Tag Archives: eccentric exercise

Increase Time Under Tension to Get Stronger, Build Muscle

17 Dec

There are lots of strategies for getting stronger and building muscle.  One such strength- and muscle-building strategy is a concept known as time under tension (TUT).  The rationale for this approach is that the longer you can keep tension in your muscles during a set, the more you’ll exhaust them, forcing them to get stronger and grow to adapt.

How to Increase Time Under Tension

There are a few ways to increase the amount of time your muscles spend under tension:

  • Do more repetitions
  • Increase the amount of time you take to lower the weight
  • Pause an exercise at some point in its range of motion and hold it for time

(also see related articles: Get Stronger with Isometric ExercisesAdd Isometric Exercises to Your Training Regimen, and Take the Negative Chinup/Dip Challenge)

How it Works

Doing a lot of repetitions — 12-15 or more — is great, but there are also some potential problems that accompany this approach.  The more reps you perform, the more likely it becomes that your form and technique tend to break down, increasing your risk of injury.  More repetitions also forces you to use lighter weights, sacrificing muscular tension.

Time under tension can be increased, for virtually any exercise, by increasing the time of the eccentric (lowering) phase of the exercise, or by incorporating isometric “holds” (pausing during a movement), effectively creating a longer-lasting set.

For example, when doing the squat or bench press exercises, you could lower the weight to a six-second count, for each repetition; or you could pause at some point during the eccentric phase of the exercise and hold for 3-4 seconds before continuing the movement.

Try to incorporate this strategy into your workout routine and you’ll see how more tension in your life can actually be a good thing.

Get STRONGER, Get FASTER!

Your thoughts?

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Eccentric Training Improves Strength and Force Development

20 May

Bench%20Press%20with%20Spotter[1]Eccentric (ECC) actions, when emphasized during resistance training, may elicit greater strength adaptation, muscular hypertrophy, acute increases in subsequent concentric (CON) force capabilities, and favorable acute inflammatory response compared with traditional ECC/CON actions and CON muscle actions alone,” according to research from the Journal of Strength and Conditioning Research. (Kelly, et.al.)

Multiple studies show that athletes can augment traditional, concentric training with eccentric training to increase force capabilities.

The eccentric phase of an exercise (also known as the negative phase) is usually when the weight is lowered in preparation for the next concentric (push) action.  For example, an eccentric bench press would consist of lowering a barbell from a fully extended elbow position to the chest in a continuous, controlled manner for 3-4 seconds.

Try adding an eccentric set to your usual training.  If you usually perform three sets of a particular exercise, make the last set an eccentric set.

Or, make one training day per week an eccentric training day.  If you train three days per week, perform all exercises and sets eccentrically on your middle day.

For more advanced, proficient athletes (in the weight room), if you have access to a spotter or two, try overload eccentric training, using 100% or more of your 1RM.  (Note — a spotter is usually a good idea for many exercises, including weighted exercises done eccentrically, even with lighter loads)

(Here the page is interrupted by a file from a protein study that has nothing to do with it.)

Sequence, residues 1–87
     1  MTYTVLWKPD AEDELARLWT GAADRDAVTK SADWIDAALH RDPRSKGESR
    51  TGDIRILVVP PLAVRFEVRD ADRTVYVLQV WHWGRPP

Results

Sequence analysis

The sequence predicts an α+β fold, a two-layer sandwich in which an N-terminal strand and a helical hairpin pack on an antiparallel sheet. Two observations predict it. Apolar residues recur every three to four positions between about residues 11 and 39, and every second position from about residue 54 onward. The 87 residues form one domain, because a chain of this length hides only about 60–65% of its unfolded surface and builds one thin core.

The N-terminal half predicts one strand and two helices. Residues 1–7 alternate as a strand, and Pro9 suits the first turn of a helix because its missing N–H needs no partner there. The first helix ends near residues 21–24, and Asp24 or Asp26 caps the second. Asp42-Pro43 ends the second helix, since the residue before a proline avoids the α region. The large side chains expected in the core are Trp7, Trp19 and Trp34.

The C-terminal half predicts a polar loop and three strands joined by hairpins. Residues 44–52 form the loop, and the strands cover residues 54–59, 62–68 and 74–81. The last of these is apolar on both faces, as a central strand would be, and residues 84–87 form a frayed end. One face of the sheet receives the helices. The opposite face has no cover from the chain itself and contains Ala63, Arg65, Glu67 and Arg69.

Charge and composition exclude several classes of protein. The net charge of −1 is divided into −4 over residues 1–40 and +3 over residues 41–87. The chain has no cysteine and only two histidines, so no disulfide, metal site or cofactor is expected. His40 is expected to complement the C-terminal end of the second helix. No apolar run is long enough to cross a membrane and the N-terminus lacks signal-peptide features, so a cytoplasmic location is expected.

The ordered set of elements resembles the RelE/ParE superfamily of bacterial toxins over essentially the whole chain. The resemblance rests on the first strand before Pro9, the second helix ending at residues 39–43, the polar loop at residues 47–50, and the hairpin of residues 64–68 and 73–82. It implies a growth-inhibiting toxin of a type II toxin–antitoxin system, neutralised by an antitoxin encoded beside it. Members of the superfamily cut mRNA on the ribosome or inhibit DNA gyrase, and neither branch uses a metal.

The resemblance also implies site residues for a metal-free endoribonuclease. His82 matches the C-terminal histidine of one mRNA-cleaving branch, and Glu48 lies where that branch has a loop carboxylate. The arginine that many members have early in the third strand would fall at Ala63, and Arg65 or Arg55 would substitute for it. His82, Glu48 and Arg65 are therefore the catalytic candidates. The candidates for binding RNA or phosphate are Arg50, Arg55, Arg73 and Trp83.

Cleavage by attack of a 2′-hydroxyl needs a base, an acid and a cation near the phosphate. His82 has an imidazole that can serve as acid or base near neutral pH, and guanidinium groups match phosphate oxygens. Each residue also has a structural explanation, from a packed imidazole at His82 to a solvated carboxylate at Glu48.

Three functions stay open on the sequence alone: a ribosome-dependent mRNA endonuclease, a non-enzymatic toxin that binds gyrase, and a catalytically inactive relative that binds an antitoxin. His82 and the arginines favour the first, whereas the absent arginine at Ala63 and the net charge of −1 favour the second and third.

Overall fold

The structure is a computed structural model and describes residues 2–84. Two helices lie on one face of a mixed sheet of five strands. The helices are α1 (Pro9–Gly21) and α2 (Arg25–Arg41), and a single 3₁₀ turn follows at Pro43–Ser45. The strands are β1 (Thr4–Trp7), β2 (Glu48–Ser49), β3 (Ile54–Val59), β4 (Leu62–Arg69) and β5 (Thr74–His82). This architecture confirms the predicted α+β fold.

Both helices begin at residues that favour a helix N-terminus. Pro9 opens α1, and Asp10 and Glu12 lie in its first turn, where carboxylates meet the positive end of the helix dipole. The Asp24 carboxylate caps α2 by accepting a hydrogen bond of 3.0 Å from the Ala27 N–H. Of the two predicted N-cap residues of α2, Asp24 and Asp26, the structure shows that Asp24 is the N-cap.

This strategy is not only for weighted exercises.  Eccentric training also works well with body-weight exercises, such as the squat, pushup, chinup, dip, etc.

When is comes to strength training — think negative, gain positive.

Get STRONGER, Get FASTER!

Your thoughts?

Increase Time Under Tension to Get Stronger, Build Muscle

15 Sep

squat-a-ex_0[1]There are lots of strategies for getting stronger and building muscle.  One such strength- and muscle-building strategy is a concept known as time under tension (TUT).  The rationale for this approach is that the longer you can keep tension in your muscles during a set, the more you’ll exhaust them, forcing them to get stronger and grow to adapt.

How to Increase Time Under Tension

There are a few ways to increase the amount of time your muscles spend under tension:

  • Do more repetitions
  • Increase the amount of time you take to lower the weight
  • Pause an exercise at some point in its range of motion and hold it for time

(also see related articles: Get Stronger with Isometric ExercisesAdd Isometric Exercises to Your Training Regimen, and Take the Negative Chinup/Dip Challenge)

How it Works

Doing a lot of repetitions — 12-15 or more — is great, but there are also some potential problems that accompany this approach.  The more reps you perform, the more likely it becomes that your form and technique tend to break down, increasing your risk of injury.  More repetitions also forces you to use lighter weights, sacrificing muscular tension.

Time under tension can be increased, for virtually any exercise, by increasing the time of the eccentric (lowering) phase of the exercise, or by incorporating isometric “holds” (pausing during a movement), effectively creating a longer-lasting set.

For example, when doing the squat or bench press exercises, you could lower the weight to a six-second count, for each repetition; or you could pause at some point during the eccentric phase of the exercise and hold for 3-4 seconds before continuing the movement.

Try to incorporate this strategy into your workout routine and you’ll see how more tension in your life can actually be a good thing.

Get STRONGER, Get FASTER!

Your thoughts?

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